Lawmakers have not said no to the money, and in fact seem generally receptive, but some of them say they want to see changes in wildfire operations before any extra funding is approved.
These suggested changes have taken the form of legislation.
Sen. Linda Evans Parlette, R-Wenatchee, is proposing two bills (SB 6510 and SB 6511) – both of which would increase the state’s use of prescribed burns to make forests less suspectible to fires. (Parlette herself is a victim of wildfire – her cabin near Lake Chelan burned down last year.)
Her second bill could lead to more active management of our state’s forests.
Parlette’s second bill, SB 6511, calls for long-term forest health planning, as well as immediate action to conduct burning near vulnerable communities.
The bill directs DNR to identify public and private lands that could threaten communities in case of wildfire and treat all state lands by June 30, 2016, that can be treated by prescribed fire or other “simple methods,” according to a summary of the bill.
…Her bill also calls for development of a 20-year plan for restoring forest health.
“This bill is a broader, more policy-related approach for fire prevention,” Parlette said. “All available fire-prevention techniques would be on the table, including mechanical thinning and prescribed fire.” The bill has bipartisan sponsorship, she said.
It calls for developing plans to treat 2.7 million acres of forest lands in eastern Washington identified by DNR as being in poor health condition, and updating the plan at least every two years.
DNR “shall encourage more intense utilization in logging and alternative silviculture practices and encourage mechanical thinning and prescribed burning when appropriate for forest health improvement and fire prevention,” the proposed legislation states.
A timber representative testified in regard to Parlette’s legislation that prescribed burns shouldn’t be the only solution.
Tim Boyd, a lobbyist for timber companies Vaagen Brothers and Boise Cascade, said the state also should look at allowing more thinning and timber sales, which would both boost forest health and aid struggling lumber mills.
“Prescribed fire is a useful tool but it’s not the only tool, and it may not be the first and best tool,” Boyd said.
Under the proposed legislation, DNR would have half an hour to respond to a local fire district’s request for funds, either through direct assistance from the account or by reimbursing the entity for use of its own resources. DNR could also release assets such as aviation services to the entity for immediate response to the fire.
Rep. Mary Dye, R-Pomeroy, proposed the bill after consulting with (Noel Hardin, a district fire chief in Asotin County), who reached out to her about issues related to last year’s wildfire season, the worst fire season on record in state history.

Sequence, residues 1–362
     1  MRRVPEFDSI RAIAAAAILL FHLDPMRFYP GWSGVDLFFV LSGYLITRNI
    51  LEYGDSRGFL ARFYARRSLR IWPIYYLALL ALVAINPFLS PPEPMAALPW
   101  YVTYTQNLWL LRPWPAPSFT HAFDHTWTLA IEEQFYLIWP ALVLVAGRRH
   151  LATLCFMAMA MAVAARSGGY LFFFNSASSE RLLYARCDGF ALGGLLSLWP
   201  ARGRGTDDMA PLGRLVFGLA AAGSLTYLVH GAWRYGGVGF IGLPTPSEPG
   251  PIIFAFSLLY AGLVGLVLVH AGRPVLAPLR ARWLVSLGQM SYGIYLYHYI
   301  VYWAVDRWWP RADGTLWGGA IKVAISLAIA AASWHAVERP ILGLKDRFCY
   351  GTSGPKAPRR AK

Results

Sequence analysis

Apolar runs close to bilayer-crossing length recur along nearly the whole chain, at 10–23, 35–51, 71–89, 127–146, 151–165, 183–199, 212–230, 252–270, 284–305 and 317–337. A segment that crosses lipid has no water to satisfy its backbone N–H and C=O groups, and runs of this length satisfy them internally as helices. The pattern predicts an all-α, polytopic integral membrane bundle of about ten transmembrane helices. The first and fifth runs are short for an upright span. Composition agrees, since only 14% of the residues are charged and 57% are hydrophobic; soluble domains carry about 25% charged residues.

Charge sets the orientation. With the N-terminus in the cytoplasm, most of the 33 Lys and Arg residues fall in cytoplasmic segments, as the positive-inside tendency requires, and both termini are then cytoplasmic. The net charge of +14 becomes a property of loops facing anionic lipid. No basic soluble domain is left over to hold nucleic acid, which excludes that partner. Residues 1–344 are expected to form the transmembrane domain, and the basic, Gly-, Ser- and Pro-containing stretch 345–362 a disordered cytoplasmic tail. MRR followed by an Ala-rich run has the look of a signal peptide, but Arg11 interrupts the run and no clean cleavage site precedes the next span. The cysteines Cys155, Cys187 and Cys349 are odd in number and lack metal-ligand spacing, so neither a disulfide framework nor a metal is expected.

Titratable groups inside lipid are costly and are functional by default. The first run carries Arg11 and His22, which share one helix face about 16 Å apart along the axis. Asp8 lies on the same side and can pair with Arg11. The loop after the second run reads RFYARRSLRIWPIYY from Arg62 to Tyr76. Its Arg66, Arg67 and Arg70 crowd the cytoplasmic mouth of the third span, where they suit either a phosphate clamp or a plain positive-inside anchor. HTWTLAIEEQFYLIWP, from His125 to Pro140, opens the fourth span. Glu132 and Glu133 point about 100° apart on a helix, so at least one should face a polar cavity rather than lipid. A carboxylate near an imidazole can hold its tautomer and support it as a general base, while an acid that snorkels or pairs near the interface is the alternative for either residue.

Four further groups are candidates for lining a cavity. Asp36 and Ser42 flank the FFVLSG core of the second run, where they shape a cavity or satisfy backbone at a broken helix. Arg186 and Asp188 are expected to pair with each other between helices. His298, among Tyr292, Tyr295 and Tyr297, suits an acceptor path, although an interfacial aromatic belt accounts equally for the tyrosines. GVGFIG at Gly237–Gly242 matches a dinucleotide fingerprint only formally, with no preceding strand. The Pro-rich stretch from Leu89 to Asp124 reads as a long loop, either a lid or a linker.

“We had a lot of fires that could’ve been contained, but were not, because of lack of access or certainty of funding,” Dye said at a hearing on the bill Tuesday.
She said the legislation is aimed to help fire districts, specifically in small, rural areas that don’t have access to the assets and resources DNR has. She’s hopeful a fast response will help prevent fires from turning into the type of catastrophic events that occurred last summer in the state.
Lastly, Rep. Tom Dent, R-Moses Lake, is proposing HB 2924, which would allow the Department of Natural Resources to use GPS locators to track firefighters and their vehicles; and HB 2925, which would free up ranchers to go onto burning public lands to retrieve their livestock.
Dent’s first bill had a House committee hearing this week.
“If we knew where (firefighters) were at and they get in trouble,” said Dent during a public hearing on the bill in the House Agriculture and Natural Resources Committee, “then it would give us an opportunity to help them.”
Dent’s proposal comes amid a slew of bills intended to improve the state’s response to wildfires, which last year scorched more than a million acres and left three firefighters dead.
…A GPS system could supplement the walkie-talkies and cellphones that firefighters now use and allow for constant tracking of firefighters. Staff at fire-management bases could then monitor where crews are in relation to blazes and expected weather patterns.
“It’s knowing where they’re at in relation to their safety zone and escape routes,” said Sean Triplett of the U.S. Forest Service.